Laparoscopic appendectomy has not yet evolved as the gold standard for the treatment of acute appendicitis, unlike laparoscopic cholecystectomy.
However, laparoscopic appendectomy is expected to increase gradually and become the gold standard for the treatment of acute appendicitis because laparoscopic appendectomy has advantages similar to laparoscopic cholecystectomy.
Although the laparoscopic appendectomy surgical technique has been well established, there are many different techniques within procedure, including trocar positioning and the closure of appendicular stump.
Despite these differences, the most important concern in laparoscopic appendectomy is the safety of the method used for the closure of appendicular stump.
Most surgeons have either used a stapler or endoloop to close the appendicular stump [2
]. Recently, some studies have reported the safety of using the Hem-o-lok clip for the closure of appendicular stump [6
]. Additionally, the safety of using Hem-o-lok clips for the ligation of vessels, ureters, and bile ducts has been documented in over 1,000 surgical procedures [12
Thus, it has been already well known that the use of Hem-o-lok clips is safe, and its application is also easy and fast.
In agreement with other studies, our study also shows that there were no significant differences between the Hem-o-lok group and the endoloop group with respect to intraoperative and postoperative complications. However, the Hem-o-lok clip is cheaper than the endoloop or stapler.
Therefore, we believe that questions on the safety, usefulness and cost-effectiveness of Hem-o-lok clips have been conclusively answered.
In this study, among the various methods for the closure of appendicular stump, we analyzed the conditions under which Hem-o-lok clips are preferable.
In total, 39 (92.8%) of 42 patients were able to use the Hem-o-lok clip. The Hem-o-lok clip was not used in three cases because of the appendix base diameter.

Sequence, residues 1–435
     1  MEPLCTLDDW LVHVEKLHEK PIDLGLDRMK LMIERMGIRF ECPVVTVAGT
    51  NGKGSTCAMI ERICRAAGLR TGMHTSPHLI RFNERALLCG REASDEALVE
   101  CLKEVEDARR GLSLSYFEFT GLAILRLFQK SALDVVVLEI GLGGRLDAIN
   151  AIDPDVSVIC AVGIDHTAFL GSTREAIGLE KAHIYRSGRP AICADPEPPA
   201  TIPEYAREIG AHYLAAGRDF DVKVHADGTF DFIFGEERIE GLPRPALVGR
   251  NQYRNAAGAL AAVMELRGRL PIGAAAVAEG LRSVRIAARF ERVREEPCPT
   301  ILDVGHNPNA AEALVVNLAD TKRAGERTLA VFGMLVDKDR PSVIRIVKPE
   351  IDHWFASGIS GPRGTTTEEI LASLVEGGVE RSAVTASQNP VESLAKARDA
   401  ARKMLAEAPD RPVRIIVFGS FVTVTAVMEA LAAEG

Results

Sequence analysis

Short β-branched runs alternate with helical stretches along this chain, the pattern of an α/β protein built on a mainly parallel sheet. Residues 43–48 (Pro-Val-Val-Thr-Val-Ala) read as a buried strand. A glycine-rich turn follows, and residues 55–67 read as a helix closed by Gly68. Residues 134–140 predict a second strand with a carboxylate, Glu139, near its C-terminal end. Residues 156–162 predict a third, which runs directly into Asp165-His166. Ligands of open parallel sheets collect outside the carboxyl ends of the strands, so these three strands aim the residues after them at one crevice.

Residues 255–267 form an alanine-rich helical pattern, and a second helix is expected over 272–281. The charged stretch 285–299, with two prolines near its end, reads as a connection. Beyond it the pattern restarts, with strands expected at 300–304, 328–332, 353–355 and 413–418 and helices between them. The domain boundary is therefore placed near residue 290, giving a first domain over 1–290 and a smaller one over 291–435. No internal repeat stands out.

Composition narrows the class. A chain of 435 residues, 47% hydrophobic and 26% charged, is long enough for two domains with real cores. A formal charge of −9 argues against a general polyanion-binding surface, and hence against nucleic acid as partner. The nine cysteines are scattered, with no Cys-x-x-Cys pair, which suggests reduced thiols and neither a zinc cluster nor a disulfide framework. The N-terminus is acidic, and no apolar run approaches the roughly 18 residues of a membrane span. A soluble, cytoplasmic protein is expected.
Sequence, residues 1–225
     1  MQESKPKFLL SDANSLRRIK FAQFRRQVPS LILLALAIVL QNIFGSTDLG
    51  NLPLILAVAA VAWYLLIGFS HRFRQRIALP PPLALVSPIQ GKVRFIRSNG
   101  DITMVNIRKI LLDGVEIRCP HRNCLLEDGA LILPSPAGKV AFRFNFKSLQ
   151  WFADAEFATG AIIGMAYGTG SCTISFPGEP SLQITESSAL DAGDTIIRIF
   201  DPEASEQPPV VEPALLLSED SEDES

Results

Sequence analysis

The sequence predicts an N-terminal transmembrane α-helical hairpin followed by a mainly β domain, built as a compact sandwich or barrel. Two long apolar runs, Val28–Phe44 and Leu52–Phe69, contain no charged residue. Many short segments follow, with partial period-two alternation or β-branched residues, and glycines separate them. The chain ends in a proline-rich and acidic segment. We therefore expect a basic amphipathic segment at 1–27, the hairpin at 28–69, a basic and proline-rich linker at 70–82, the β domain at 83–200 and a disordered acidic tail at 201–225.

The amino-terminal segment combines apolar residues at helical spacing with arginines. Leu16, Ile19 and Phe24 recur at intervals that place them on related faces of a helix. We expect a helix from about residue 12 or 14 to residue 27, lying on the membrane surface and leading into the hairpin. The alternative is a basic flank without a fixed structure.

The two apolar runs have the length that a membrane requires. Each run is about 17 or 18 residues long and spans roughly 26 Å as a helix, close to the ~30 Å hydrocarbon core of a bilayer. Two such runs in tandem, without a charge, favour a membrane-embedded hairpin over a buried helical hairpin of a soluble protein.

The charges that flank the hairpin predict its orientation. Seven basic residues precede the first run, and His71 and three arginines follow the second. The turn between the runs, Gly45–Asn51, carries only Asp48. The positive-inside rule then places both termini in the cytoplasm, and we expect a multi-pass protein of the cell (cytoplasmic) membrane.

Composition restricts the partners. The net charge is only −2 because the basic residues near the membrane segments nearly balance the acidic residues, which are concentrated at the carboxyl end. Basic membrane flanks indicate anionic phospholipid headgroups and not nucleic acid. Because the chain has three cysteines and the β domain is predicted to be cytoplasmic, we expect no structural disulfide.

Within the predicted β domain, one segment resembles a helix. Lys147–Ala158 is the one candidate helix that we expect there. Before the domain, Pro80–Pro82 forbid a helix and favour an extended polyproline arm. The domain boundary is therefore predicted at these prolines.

Although there was no severe inflammation in the appendix base, the diameter of the appendix base was greater than 10 mm in 2 of 3 patients who received the endoloop, suggesting that Hem-o-lok clips cannot be used in cases with an appendix base greater than 10 mm because the internal length of the XL size clip is 13.58 mm.
However, our results show that the mean diameter of the appendix base in both groups is less than 10 mm, indicating that the Hem-o-lok clip can be used in most laparoscopic appendectomies.
The remaining patient had a severely inflamed appendix base and a diameter of up to 10 mm. As a result, the endoloop was used instead of the Hem-o-lok clip. Unfortunately, a fracture of appendicular stump occurred, and reinforcement suturing was laparoscopically performed to prevent leakage of appendicular stump. In this case, we believe that the stapler should be used for the safe closure of the appendicular stump.
To summarize our results, although various methods for the secure closure of appendicular stumps have been used in laparoscopic appendectomy, it is important to prioritize treatment methods based on the severity of inflammation in the appendicular base, the diameter of the appendicular base and cost of the material.